The Lower Susquehanna River Watershed Assessment (LSRWA) report released for public comment yesterday, November 13th 2014, indicates that the reservoir behind the Conowingo Dam is trapping smaller amounts of sediment and has essentially reached its limit to trap in the long term.
However, a large majority of the pollution to the Chesapeake Bay from the Susquehanna River comes from runoff from pollution sources from the upstream drainage area or watershed, as opposed to the sediment and associated nutrients collected behind the dam.
The inter-agency draft report was released by the U.S. Army Corps of Engineers (USACE) and non-federal sponsor the Maryland Department of the Environment (MDE).
Modeling in the report shows that managing sediment through dredging, bypassing or dam operational changes, alone, do not effectively offset the adverse impacts to water quality from the loss of capacity for the dam to trap sediment in the long term. The report suggests that strategies to reduce nutrient pollution at its source from throughout the Bay drainage area are more effective at addressing impacts to the Bay.
“We worked with a team of inter-agency experts, using current scientific information and the best modeling tools available in order to understand the complex relationship between river flow and sediment and ecological resources,” said Col. Trey Jordan, USACE Baltimore District commander. “Our partners undertaking ongoing efforts to restore the Chesapeake Bay and its surrounding watershed are now armed with better science to make decisions to protect water quality, habitat and aquatic life.”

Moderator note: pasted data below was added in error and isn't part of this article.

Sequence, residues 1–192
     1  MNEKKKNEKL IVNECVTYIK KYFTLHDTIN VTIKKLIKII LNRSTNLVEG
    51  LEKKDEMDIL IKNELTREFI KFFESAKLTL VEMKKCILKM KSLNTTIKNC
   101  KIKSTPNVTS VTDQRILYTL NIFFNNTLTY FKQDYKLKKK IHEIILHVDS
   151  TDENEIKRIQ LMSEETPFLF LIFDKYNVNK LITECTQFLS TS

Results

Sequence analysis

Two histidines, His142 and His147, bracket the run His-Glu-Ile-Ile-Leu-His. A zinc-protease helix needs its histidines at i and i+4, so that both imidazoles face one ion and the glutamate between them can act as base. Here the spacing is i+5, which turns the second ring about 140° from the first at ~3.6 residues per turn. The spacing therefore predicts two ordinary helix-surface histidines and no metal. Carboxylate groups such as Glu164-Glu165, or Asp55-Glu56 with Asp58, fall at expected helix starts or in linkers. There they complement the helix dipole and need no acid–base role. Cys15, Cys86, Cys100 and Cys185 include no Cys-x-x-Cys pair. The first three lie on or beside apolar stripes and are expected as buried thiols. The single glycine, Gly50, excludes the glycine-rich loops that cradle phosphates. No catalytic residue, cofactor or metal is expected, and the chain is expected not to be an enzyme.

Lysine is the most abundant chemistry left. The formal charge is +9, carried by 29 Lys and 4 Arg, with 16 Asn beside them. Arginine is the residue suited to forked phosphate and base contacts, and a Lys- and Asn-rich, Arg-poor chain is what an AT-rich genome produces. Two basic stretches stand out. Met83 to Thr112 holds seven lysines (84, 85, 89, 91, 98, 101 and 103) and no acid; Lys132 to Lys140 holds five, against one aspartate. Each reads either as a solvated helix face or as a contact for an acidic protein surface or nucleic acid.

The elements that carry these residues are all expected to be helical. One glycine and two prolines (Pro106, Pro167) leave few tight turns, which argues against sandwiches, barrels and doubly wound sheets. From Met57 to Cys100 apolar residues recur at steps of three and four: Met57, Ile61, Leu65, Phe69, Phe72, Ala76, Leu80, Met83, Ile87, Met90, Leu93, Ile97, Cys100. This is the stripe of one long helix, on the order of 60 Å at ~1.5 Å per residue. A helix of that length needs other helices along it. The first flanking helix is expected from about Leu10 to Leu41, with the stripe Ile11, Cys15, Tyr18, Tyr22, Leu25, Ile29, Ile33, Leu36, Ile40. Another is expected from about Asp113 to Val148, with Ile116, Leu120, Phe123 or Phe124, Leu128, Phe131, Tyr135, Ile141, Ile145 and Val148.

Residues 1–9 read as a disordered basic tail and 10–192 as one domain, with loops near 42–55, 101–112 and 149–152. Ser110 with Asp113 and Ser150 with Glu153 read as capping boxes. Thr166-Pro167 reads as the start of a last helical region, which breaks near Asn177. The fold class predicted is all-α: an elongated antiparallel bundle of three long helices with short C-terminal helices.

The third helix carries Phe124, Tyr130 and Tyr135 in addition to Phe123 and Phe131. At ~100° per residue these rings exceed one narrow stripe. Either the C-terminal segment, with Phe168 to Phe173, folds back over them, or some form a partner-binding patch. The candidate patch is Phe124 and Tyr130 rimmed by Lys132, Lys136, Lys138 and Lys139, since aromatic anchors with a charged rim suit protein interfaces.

The study area consists of the Lower Susquehanna River Watershed from Sunbury, Penn., to the confluence with the Chesapeake Bay and includes the Holtwood, Safe Harbor, and Conowingo hydroelectric dams located on the lower Susquehanna River.
“This study shows that while the build up of sediment behind the Conowingo Dam does impact water quality in the Bay, following through on the blueprint to clean up the Chesapeake Bay and its tributaries will have a much greater and longer-lasting effect on water quality than addressing the Conowingo Dam problem alone,” said Robert M. Summers, MDE secretary.
For the executive summary, full report with appendices, and associated graphics, and information on how to make a comment click HERE.